This is a Dawn Staley staple. Facing an elite scorer? Make her defend.

She’s been doing it for 16 years at South Carolina. I’ll never forget January 2020 when South Carolina faced Kentucky and Rhyne Howard, who were picked to win the game. South Carolina ran three straight plays – probably the first three of the season – for Brea Beal, who was guarded by Howard. Beal scored on all three and the game was over then and there.

It wasn’t as singular as that, but Clark likes to rest on defense and South Carolina made sure she had to work. Raven Johnson took 11 shots. She only made one, but she shot with confidence, a far cry from last season. MiLaysia Fulwiley pushed the tempo and created havoc on her way to nine points and a team-high four assists.

“I don’t like to lose. It irks my nerves when we get down like (the first quarter),” Fulwiley said. “I just go out there and try to run the score up because I’m a winner and I’m going to do whatever it takes to win. I think that showed.”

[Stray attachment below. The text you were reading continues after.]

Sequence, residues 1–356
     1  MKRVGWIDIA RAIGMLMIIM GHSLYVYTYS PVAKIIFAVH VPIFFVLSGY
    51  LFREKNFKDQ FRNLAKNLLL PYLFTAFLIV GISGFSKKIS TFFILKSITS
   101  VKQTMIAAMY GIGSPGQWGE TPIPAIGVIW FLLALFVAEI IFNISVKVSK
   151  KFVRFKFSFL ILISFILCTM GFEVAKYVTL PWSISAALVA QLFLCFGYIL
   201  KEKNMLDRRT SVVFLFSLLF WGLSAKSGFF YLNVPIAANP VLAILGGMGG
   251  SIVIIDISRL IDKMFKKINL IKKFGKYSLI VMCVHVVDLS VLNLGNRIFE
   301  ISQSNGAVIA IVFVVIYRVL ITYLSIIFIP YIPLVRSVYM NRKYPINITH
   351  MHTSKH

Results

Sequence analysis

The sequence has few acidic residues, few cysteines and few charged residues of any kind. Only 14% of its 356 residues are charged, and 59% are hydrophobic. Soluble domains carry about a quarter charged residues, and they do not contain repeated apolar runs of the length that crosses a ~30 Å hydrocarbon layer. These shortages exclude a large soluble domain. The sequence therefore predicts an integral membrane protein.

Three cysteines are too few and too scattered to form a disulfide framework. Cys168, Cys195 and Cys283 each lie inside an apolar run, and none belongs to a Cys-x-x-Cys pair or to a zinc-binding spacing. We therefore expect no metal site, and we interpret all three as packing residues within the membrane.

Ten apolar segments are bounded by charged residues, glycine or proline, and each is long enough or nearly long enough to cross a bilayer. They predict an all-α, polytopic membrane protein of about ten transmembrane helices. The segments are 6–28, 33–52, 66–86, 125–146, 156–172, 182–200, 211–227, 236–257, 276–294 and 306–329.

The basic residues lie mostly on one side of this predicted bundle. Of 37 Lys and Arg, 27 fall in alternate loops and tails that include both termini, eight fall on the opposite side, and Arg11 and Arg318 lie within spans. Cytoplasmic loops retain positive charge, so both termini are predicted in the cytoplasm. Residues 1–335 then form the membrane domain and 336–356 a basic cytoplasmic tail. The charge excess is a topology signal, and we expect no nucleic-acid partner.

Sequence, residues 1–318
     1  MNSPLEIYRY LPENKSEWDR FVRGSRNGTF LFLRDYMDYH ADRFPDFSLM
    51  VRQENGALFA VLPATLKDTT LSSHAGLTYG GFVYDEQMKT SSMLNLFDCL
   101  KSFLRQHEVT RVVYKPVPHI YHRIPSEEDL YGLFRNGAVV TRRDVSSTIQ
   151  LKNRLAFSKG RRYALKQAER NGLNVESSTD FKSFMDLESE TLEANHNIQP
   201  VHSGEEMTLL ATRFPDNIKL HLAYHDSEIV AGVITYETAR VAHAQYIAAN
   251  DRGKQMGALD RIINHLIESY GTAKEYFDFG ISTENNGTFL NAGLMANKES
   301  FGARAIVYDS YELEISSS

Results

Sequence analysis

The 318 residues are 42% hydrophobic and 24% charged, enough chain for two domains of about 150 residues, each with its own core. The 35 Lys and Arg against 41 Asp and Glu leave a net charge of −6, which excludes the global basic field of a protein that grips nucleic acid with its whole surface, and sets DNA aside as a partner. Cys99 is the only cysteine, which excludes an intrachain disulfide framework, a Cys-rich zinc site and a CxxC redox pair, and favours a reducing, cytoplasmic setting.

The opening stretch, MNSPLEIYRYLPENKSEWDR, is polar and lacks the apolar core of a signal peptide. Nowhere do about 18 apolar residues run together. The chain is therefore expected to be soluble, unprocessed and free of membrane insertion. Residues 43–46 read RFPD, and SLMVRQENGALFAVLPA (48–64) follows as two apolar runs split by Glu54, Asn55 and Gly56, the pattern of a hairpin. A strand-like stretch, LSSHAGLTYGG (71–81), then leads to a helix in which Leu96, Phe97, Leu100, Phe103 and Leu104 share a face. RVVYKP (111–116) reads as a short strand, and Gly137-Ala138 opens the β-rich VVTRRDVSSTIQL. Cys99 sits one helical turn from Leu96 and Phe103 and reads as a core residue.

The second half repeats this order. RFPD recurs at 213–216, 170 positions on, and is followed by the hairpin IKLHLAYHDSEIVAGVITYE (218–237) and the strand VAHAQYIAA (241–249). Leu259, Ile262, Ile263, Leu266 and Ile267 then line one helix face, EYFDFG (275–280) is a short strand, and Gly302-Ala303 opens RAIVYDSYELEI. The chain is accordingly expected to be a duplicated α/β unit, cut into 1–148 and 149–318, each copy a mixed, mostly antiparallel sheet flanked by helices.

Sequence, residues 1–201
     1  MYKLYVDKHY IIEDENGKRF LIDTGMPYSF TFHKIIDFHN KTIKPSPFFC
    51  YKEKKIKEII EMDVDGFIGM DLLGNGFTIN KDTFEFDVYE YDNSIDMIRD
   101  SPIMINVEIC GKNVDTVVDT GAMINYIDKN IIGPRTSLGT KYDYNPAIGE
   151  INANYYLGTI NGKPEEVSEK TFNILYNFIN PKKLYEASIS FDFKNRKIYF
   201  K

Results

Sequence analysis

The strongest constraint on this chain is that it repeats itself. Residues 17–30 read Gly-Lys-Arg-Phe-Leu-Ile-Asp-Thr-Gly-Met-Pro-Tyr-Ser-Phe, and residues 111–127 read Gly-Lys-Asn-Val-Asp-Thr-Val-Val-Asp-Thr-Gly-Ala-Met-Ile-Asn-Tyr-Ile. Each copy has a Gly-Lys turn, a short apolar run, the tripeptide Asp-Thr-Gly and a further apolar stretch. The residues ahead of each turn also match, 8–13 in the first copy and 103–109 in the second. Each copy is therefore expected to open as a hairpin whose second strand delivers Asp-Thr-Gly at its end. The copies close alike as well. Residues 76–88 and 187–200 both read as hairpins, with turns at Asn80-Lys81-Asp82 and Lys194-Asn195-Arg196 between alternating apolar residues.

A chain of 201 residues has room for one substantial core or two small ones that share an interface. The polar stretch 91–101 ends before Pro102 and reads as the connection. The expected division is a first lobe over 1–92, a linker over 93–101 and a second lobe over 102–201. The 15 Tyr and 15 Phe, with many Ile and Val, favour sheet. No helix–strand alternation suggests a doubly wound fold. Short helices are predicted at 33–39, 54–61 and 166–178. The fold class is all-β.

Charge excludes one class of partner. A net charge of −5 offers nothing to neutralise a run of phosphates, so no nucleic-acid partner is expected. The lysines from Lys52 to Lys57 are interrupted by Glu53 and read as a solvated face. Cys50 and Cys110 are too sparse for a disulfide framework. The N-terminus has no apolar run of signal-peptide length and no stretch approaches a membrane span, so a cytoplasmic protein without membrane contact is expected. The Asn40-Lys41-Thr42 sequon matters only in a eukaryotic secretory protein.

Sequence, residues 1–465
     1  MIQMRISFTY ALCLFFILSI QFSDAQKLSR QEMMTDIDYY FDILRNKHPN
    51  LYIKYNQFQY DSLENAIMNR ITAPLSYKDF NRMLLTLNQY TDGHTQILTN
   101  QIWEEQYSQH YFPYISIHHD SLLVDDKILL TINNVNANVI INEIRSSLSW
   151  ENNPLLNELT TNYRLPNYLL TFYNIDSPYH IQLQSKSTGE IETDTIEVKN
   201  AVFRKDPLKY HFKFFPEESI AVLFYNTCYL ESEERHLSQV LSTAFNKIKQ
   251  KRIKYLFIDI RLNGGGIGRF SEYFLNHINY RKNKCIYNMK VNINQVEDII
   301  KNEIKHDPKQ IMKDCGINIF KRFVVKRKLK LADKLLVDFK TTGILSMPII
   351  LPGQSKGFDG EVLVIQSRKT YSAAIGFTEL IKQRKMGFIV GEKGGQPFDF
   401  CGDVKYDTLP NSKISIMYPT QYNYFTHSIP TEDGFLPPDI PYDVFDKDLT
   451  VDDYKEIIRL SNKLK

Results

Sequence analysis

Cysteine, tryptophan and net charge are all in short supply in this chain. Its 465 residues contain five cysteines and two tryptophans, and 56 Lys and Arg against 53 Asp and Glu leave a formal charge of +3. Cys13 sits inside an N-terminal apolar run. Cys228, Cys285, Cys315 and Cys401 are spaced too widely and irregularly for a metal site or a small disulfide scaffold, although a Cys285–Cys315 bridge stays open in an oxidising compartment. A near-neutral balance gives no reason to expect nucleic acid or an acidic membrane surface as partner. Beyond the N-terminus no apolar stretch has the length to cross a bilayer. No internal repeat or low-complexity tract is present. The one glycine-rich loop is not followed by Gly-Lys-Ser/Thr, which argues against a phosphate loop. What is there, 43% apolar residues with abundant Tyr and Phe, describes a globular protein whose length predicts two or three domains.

South Carolina ran whenever it could, denying Clark a chance to rest on defense.

“We also have to play our side of the ball,” Staley said before the game. “They’ve got to defend. We got to put some points on the scoreboard.”

Again, that showed in the analytics. Clark’s net points, which measures points scored against points allowed, was only 15.5.

“That makes it stuck in everyone’s head,” Fulwiley said. “When you take down someone like that, as good as she is, that shows everyone how dedicated you are to the game and how dedicated we were to our game plan. I’m so excited that all of us came out there and stood on straight business.”